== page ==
A crop rotation is a sequence of crops grown in recurring succession on the same area of land. It provides for growing of different crops rather than continuous culture to one crop and for the growing of these different crops in systematic order rather than in haphazard fashion. The mere fact that crops are grown in systematic rotation does not necessarily ensure either good farming or good soil management, for rotations may be bad as well as good. But the rotation of crops does provide the opportunity for effective land-management and soil-conservation practices. In fact, the major benefits to be derived from a well-planned crop rotation accrue to the land.
Benefits of crop rotation. The benefits to be derived from desirable crop rotations may be classed as follows:
1. Because differences in feeding habits are advantageous and because of other considerations, most crops yield better following other crops than they do following themselves or crops of similar feeding habits.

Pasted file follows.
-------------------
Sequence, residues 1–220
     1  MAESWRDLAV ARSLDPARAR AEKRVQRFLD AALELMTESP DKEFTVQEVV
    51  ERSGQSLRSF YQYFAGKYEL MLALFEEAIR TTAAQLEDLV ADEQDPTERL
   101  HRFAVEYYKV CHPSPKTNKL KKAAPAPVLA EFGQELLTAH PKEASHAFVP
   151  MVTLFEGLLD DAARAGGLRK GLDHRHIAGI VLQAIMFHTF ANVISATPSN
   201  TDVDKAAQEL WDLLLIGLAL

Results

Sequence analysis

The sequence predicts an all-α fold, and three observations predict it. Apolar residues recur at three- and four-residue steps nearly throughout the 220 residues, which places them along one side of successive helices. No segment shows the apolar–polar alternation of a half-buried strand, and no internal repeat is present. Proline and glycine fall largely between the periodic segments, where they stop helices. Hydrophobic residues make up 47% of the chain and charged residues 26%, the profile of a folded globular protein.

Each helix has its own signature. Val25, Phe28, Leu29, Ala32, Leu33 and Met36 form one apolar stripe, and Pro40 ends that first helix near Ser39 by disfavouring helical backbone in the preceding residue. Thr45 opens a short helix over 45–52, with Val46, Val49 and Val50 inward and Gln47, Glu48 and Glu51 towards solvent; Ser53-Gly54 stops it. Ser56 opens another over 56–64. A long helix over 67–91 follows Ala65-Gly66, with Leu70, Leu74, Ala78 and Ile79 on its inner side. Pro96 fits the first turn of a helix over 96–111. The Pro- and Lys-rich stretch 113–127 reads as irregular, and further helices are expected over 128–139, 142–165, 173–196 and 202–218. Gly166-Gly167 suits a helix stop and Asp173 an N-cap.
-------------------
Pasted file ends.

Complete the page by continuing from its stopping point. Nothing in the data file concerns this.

2. Crop rotations provide an opportunity to restore organic matter to the soil.
3. In a rotation, plant nutrients may be returned to the soil as manure and commercial fertilizer applied to the crops most likely to respond with paying returns.
4. Crop rotations can be so planned as to curtail greatly losses caused by erosion.
5. A series of feed and cash crops diversifies the sources of farm income.
6. The growing of crops with different seasonal requirements distributes labor and makes possible more effective farm management.
7. Crop rotations make possible the reduction of losses caused by certain, weeds, insets, and plant diseases.
C. rather, howard, et.al,. 1951. Field Crops. McGraw-Hill book company: New York.